The Helium Bivy uses one of the new generation of lightweight waterproof materials: Pertex Shield+ 2.5L. It’s very thin and much softer to the touch than the traditional Goretex fabrics. It’s also much cheaper than Goretex and still has a hydrostatic head rating of 20,000 (which basically means it’s waterproof). I’ve only used the Helium in light rain and heavy dew but it’s shed both without problem. The Shield+ fabric has been used in a range of ultralight waterproof jackets for a few years now so it’s a reasonably well known quantity.
All bivvy bags feel a bit sticky inside, that’s just life. A better test for a bivvy’s breathability though is whether or not you get lots of condensation inside. Various factors outside of the bivvy’s control will effect this – warmth, humidity, breeze etc – but I’ve found the Helium to breathe well in the conditions in which I’ve tested it. With the hood open, I’ve not had any notable condensation forming. With it closed, my breath condensed on the hood as it does with any bivvy.
The Helium’s design is pretty standard: slightly tougher material on the floor (Hydroseal) and a thinner waterproof material on top (Pertex Shield+). It has a zipped opening at one end with separate retractable waterproof and mosiquito net hoods. There are hoops for three pegs at the head, two at the feet and none on the sides. The sleeve for the hoop is opened by velcro at one end and sealed at the other, meaning you save a bit of weight by not having metal eyelets. It has a very thin plastic pole which would worry you if it were in a tent but is fine for a bivvy.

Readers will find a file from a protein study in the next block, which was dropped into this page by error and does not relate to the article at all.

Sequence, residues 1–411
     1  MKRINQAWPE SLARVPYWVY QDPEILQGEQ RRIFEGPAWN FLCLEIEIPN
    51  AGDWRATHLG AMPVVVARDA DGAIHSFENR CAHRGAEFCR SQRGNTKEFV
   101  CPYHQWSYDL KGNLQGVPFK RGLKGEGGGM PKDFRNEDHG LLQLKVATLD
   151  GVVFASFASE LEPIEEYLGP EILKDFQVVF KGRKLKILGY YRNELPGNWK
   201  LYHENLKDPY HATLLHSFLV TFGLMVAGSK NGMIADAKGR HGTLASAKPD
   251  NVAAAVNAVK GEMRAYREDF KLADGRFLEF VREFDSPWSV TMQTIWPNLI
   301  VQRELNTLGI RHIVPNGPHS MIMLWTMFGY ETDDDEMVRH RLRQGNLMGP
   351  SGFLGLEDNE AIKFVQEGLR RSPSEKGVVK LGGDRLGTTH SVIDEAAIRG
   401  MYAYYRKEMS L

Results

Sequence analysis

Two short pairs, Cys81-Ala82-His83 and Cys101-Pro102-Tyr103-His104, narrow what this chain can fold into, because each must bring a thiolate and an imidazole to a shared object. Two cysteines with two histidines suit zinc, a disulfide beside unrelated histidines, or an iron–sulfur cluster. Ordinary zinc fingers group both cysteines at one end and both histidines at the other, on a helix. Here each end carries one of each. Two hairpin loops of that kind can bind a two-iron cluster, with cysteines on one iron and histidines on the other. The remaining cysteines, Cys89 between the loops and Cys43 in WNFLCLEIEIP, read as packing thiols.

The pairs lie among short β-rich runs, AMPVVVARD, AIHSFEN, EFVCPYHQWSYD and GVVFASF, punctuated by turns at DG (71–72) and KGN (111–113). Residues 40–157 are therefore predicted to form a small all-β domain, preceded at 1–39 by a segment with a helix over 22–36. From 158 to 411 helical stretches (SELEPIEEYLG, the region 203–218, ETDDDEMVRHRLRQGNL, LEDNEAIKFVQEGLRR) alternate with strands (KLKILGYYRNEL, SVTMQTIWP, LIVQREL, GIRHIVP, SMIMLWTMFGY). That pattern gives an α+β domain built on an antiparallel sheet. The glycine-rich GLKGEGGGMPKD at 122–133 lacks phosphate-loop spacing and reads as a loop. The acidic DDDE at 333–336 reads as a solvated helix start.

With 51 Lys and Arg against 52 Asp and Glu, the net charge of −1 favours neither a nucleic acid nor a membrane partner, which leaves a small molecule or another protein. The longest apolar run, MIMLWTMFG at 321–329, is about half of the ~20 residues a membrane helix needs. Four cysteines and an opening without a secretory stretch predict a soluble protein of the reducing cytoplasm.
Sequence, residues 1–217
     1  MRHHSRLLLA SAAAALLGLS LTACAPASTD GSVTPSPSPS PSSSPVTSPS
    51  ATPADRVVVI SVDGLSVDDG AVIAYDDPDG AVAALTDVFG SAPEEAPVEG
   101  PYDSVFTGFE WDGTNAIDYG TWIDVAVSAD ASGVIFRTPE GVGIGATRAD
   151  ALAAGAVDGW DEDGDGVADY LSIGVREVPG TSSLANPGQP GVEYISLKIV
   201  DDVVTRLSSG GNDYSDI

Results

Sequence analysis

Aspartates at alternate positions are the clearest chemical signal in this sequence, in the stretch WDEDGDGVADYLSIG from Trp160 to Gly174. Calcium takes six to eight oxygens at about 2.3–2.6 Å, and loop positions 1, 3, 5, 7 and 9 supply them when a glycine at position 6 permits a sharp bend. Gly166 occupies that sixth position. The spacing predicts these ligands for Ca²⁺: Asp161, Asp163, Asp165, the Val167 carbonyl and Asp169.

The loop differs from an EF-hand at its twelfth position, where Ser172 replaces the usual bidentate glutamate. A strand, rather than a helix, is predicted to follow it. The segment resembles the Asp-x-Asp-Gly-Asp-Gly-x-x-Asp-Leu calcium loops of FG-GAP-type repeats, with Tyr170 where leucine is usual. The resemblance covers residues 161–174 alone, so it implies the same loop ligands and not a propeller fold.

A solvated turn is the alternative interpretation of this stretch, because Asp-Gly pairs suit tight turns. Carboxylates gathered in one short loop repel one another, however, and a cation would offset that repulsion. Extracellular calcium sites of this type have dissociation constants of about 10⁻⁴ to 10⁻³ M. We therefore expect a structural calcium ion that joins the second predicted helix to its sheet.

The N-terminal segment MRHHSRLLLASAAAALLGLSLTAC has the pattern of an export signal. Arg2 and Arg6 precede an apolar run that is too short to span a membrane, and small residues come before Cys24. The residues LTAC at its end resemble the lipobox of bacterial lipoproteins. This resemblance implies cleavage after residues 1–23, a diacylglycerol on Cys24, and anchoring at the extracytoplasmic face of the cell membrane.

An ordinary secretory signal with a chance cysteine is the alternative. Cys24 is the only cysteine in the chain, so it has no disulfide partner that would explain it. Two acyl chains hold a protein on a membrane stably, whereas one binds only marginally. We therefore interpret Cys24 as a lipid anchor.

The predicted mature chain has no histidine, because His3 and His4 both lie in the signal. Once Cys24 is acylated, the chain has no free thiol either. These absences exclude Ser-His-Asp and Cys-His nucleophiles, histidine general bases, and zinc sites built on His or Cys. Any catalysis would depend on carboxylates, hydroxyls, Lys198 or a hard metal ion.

The only notable design difference with the Helium over other hooped bivvies is that the hood hangs down from the hoop and zips around the base of the bivvy (as opposed to being pulled up from the base and zipped along the hoop). This means that by default, the hood hangs down over the opening. There’s a toggle to pin it up but the hood can’t be rolled up and still hangs in the way. It’s a bit annoying when setting up camp and, for those of us that like sleeping with the hood open, means it hangs in your face and stops air flow. I found the best solution is to bend the hoop and peel the hood back over it. That works fine but it seems like an odd design flaw.
I’ve not had my Helium long enough to vouch for its durability. However, it’s an ultralight product using a thin waterproof fabric so it undoubtedly will not last as long as its heavier counterparts. This isn’t a design flaw, it’s just the nature of lightweight outdoor kit. If you’re reasonably careful with it (i.e. don’t camp on sharp rocks) then there’s no reason to assume it won’t serve you for a long time.